The really nice part about this stretch is how thoughtful the local council have been in putting picnic tables and benches in strategic places for maximum enjoyment. A legacy from a previous upgrading long ago is a pedestrian tunnel complete with alcoves and windows so you don’t miss any of the wonderful sights as you pass under some splendid mansions garden.
The flora and fauna are protected and the wind blown shapes of the pines and cork oaks add to the surreal but peaceful environs, except for the circling gulls nesting along the cliffs. All too soon we come around the headland on the other side we catch sight of the marina and town of Sant Feliu de Guixols. As we leave the wild coast behind my mouth starts to salivate at the thought of a small glass of wine with a seafood tapa in the bars around the port…
This beach has a bit of everything and is very easy to reach tucked between Sant Feliu and Platja d'Aro. On the one headland you have the imposing buildings of one of the areas premier hotels, the Hostal de la Gavina surrounded by other exclusive houses designed by architect Rafael Maso in the 1920's and 30's.
Then in the middle of the beach is an area of protected sand dunes and small wildlife refuge which is surrounded by normal beach facilities. The boardwalk passes some good seafood restaurants, most of which are open all year round, where you can sit on the terrace when the weather allows.
There are huge Modernist mansions built by Catalans that made their fortunes in Cuba (they are referred to locally as Cubanos) trading sugar and tobacco in the late 19th century and then came back to spend it in their favourite seaside resorts along the Mediterranean.
The fine sand beach turns into rugged rocks at the other end as the headland takes on a more dramatic aspect which you can enjoy by walking along the coastal path, which is where we go next…
I am not a golfer but since many people come to Girona for the quality and variety of the courses I took the opportunity to walk around the Girona Golf course with marketing director Carla Tonini, an Argentinian working here for the last 7 years. The project was the idea of Pere Ramió and built between 1989 and 92 on this hilltop a mere 10 minutes from the centre of Girona with a variety of house developments around the borders. The course certainly blends in well with the surrounding countryside with lots of cork oaks and splendid mediterranean pines providing plenty of shade for the golfers. The aromas drifting over are heavy with wild rosemary and the blossom of fruit trees which are both typical and evocative of the area at this time of year.
Carla emphasized that this course, while not the hardest in the area, has it’s challenges, and their use of recycled water means both the fairways and greens look fabulous despite the drought we are experiencing locally. There are 3 lakes on the course and from some places there are good views over Girona and the Cathedral and a fairly constant reminder that the airport is also close by. In fact so close that there are Italian and British golfers that take advantage of Ryanair to fly in early, play a round of golf, have a meal and fly home again all in a day. I prefer to think about people taking a little longer to discover the joys of the area and maybe relaxing on the Costa Brava for a few days too.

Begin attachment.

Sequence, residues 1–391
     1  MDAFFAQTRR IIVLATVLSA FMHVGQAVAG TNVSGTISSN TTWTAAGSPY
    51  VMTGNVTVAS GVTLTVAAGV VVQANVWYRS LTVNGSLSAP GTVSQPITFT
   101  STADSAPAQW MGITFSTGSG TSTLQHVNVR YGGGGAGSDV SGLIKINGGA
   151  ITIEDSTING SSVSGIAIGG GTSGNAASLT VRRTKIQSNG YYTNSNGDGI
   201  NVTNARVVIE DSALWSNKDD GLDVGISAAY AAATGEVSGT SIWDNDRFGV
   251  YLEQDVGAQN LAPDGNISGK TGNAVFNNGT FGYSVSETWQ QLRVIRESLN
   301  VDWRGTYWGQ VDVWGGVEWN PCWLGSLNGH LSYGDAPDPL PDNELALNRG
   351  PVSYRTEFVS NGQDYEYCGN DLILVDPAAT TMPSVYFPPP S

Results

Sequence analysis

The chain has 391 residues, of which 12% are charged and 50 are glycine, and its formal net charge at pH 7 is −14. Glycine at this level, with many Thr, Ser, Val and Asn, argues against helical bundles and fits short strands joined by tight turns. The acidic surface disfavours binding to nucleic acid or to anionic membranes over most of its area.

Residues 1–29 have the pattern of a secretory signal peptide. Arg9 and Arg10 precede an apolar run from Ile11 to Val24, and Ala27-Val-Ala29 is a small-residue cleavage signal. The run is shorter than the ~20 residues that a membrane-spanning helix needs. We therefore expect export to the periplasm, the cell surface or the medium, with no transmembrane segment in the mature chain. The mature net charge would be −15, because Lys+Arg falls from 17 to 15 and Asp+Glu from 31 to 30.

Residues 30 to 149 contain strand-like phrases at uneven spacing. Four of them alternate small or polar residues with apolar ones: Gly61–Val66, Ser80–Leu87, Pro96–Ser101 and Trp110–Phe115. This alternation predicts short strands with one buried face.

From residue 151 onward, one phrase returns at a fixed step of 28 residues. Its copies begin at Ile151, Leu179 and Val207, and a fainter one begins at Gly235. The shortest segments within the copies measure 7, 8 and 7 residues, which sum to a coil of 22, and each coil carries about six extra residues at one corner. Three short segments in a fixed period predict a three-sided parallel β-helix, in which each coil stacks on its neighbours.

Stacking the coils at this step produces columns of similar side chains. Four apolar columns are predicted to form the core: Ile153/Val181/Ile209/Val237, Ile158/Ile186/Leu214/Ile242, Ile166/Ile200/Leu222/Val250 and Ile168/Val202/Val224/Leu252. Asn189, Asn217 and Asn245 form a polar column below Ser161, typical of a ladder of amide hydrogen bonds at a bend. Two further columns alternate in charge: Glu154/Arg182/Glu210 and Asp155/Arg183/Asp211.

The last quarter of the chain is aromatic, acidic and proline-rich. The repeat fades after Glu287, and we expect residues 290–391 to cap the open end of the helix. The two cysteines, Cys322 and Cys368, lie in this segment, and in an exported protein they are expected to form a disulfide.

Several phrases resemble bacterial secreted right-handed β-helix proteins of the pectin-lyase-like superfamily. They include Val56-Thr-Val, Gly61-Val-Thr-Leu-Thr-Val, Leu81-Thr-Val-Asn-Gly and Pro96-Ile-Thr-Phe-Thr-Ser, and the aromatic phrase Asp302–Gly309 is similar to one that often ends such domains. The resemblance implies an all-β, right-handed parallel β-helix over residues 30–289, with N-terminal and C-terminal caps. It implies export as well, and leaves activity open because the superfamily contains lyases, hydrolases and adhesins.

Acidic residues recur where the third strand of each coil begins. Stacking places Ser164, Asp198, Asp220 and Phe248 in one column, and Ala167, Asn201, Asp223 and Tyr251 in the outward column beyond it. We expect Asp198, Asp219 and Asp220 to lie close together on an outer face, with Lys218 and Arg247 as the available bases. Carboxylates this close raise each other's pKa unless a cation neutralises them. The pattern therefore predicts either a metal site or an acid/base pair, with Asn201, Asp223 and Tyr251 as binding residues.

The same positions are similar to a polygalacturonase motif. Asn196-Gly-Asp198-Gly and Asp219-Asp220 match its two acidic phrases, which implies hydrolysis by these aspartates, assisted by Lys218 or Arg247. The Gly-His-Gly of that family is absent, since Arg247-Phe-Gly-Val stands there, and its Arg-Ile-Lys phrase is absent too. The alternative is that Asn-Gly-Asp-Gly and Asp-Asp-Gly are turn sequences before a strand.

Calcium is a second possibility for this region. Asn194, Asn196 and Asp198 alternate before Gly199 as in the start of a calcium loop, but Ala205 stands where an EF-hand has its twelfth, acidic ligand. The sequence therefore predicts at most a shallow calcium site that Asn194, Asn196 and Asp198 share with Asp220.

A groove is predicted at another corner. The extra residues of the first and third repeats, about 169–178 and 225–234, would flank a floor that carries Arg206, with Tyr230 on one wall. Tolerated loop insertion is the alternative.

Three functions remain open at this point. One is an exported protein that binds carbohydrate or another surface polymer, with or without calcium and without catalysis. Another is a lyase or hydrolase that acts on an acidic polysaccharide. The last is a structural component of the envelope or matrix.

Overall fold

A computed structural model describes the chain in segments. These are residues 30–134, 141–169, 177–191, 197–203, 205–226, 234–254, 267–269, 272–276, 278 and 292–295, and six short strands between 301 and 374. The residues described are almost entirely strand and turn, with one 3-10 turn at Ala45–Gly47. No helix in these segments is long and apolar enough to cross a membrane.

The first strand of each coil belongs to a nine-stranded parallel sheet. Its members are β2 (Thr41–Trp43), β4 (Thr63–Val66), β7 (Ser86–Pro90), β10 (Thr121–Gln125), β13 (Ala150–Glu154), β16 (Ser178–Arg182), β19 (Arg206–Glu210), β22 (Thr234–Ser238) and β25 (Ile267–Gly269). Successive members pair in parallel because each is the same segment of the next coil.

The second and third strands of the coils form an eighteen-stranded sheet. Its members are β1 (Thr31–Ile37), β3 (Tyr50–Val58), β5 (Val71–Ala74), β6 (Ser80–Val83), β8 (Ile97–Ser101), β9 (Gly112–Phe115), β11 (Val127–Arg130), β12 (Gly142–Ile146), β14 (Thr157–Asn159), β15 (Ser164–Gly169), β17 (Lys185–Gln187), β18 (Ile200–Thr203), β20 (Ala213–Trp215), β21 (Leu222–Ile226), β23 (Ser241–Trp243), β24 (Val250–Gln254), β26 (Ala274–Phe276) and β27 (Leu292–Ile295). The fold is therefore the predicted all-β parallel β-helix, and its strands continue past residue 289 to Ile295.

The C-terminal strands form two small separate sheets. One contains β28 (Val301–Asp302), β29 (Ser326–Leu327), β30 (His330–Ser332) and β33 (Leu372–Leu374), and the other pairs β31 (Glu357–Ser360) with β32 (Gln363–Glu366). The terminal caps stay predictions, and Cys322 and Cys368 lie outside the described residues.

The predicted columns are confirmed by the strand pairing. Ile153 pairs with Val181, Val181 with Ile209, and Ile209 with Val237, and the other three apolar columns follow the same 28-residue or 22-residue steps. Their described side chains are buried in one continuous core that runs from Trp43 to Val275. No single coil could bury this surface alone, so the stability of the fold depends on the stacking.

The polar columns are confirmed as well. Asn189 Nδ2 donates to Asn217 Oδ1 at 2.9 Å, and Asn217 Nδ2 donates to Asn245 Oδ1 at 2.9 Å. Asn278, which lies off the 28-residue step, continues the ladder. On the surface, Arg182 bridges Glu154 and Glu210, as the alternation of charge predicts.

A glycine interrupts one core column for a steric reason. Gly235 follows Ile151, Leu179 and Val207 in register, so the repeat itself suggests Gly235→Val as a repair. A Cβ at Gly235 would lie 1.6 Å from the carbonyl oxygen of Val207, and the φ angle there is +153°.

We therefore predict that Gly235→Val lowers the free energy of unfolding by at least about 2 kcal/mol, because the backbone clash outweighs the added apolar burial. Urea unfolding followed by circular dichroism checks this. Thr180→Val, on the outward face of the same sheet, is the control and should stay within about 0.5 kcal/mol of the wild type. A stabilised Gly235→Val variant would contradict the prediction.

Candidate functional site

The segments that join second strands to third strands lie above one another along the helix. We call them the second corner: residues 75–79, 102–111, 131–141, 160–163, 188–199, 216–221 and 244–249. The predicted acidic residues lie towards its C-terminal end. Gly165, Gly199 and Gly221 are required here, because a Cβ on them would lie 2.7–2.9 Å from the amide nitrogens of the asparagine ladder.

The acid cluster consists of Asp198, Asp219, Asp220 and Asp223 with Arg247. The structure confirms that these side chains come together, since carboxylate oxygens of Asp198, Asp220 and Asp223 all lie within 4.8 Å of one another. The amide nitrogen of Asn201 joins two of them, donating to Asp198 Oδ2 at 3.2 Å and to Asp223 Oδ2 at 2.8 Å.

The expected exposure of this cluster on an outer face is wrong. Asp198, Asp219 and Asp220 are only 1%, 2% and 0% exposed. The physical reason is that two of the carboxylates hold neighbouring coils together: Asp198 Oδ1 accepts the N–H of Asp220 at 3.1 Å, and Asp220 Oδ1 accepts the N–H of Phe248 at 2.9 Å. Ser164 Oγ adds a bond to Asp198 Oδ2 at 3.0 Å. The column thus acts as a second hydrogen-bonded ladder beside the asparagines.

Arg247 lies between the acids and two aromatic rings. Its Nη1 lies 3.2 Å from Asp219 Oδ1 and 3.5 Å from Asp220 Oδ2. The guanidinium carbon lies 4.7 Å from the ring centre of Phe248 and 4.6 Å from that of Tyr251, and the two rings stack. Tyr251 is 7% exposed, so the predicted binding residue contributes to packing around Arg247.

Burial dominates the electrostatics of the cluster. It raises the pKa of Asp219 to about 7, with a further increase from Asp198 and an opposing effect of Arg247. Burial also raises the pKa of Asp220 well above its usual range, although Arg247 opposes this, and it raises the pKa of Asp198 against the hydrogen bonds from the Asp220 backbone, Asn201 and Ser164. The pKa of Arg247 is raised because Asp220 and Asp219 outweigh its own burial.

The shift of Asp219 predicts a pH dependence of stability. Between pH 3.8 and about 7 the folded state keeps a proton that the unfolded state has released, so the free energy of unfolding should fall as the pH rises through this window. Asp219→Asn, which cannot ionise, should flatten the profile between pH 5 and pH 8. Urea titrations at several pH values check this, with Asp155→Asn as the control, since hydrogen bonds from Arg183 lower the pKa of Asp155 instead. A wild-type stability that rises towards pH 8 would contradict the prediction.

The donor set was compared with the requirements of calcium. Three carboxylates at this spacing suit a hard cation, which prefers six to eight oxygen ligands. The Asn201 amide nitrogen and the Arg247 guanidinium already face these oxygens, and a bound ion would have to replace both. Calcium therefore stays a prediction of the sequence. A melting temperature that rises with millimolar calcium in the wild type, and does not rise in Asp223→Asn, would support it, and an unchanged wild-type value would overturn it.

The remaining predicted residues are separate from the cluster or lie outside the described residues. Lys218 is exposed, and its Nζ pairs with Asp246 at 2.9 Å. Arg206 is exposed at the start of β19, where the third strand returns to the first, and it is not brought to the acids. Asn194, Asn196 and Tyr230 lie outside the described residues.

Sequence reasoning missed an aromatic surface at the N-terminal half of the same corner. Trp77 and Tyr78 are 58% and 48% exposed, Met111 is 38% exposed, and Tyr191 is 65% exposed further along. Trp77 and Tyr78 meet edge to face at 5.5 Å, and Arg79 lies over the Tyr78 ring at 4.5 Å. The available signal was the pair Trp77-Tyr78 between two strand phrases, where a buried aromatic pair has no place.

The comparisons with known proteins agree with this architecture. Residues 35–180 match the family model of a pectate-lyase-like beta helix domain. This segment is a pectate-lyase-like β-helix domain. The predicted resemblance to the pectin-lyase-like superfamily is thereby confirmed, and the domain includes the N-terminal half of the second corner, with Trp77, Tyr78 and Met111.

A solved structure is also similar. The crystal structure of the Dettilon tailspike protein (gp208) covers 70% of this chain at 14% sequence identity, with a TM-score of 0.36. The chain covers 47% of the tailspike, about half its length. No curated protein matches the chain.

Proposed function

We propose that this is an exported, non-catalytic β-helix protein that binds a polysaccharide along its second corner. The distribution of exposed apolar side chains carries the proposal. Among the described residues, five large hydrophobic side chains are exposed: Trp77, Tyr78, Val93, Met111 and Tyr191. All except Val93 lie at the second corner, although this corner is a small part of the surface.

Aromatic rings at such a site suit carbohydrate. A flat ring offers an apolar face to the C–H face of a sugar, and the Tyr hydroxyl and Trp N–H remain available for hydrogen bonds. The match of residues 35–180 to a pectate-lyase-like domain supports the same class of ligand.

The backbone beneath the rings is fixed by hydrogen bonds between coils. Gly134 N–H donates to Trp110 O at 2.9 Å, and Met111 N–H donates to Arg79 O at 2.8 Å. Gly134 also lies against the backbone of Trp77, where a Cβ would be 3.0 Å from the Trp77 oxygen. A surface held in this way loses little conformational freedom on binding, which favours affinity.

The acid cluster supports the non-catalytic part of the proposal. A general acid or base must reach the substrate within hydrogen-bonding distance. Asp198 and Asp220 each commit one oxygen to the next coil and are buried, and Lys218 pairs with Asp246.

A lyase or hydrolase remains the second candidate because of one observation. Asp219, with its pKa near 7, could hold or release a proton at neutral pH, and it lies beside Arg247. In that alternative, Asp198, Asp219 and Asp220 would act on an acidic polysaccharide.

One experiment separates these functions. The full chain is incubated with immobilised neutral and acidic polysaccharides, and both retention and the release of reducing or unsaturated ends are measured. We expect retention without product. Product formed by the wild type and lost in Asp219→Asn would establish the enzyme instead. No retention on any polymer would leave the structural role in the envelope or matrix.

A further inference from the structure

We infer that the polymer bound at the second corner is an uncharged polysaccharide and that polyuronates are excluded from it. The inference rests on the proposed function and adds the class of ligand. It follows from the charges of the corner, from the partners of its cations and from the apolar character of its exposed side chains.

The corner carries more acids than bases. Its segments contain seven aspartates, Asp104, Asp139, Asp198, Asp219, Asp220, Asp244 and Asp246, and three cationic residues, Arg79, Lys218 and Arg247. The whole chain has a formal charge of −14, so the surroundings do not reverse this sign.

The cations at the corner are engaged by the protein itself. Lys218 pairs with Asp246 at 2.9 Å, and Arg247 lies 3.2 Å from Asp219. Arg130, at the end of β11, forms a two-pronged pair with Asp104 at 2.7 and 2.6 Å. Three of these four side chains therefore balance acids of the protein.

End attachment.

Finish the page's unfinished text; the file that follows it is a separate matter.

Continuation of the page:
Many thanks to Carla for taking the time to show me around and for more info see: www.golfgirona.com
When the weather warms up and with a little rain (we need lots more to avoid restrictions this summer) the wild asparagus hunters take to the hills. A little like during the mushroom season everyone has their favourite secret spot where they head to first. Normally this involves some travel(walking, quad, or 4×4) down sandy/muddy tracks and then the fun begins as the well trained eye can pick out the straggly spears a few metres away. Pounced on and cut with a knife about a third of the way down so as to not get the hard stringy part and added to the clutch in one hand. There are no hard and fast rules as to where the best spots are but the general Mediterranean scrub and pine trees and cork oaks seems to be ideal. Always wear long trousers since there are plenty of thistles and tough scrub to wade through once you leave the tracks.
Pick until either your hand is full or you are getting hungry and head home for the simple pleasure of consuming them fresh as can be.
Again nothing complicated for cooking-either in the oven with olive oil, salt and garlic or chopped and added to an omlette with onions and garlic are fabulous, quick and easy. Eat with chunks of country bread with olive oil and maybe some tomato and ambrosia the food of the gods never tasted as good!
Coming from Girona or Barcelona it is an easy and fun drive to Rupit and will take about an hour. The main approach is via Santa Coloma de Farners or Anglès heading to Olot in the comarca of La Selva. At Val d’en Bas you turn towards Vic and a few kms along the main road there is a sign for Rupit. After climbing out of the valley at the top of the escarpment are signs to El Far which means lighthouse and gets it’s name from the white limestone cliffs which were visible to fishermen from the distant Costa Brava. There are some nice walks along the cliffs and a restaurant serving typical local fare and busy on weekends.
Continuing into Rupit itself and parking in the free car park just outside of town since the streets are too narrow for traffic there are various signs with tourist information such as walks, bike rides, hotels and restaurants in the area. Taking a walk into town across a wobbly pedestrian bridge over a river gorge is fun and sets one up for exploring the restored medieval streets. Other than restaurants and hotels it’s fun to look in the various shops selling local cured sausages and several types of cheese made from cows, sheep or goat and aged for different periods. You can always ask for a sample before buying if you are not sure whether the stronger flavours of the older cheeses are for your palate. Another option is to buy some bread and cheese, ham and tomatoes and head down to the river where there are several picnic tables set up under overhanging rocks and it is always cool and shady here even in the hot summer months. There is lots of good exploring to do in the surrounding countryside with old churches, country restaurants and of course El Far which is a couple hours walk away. The vistas of wooded hills and small villages and farms below in the valleys are one of peace and tranquility and take you back in time.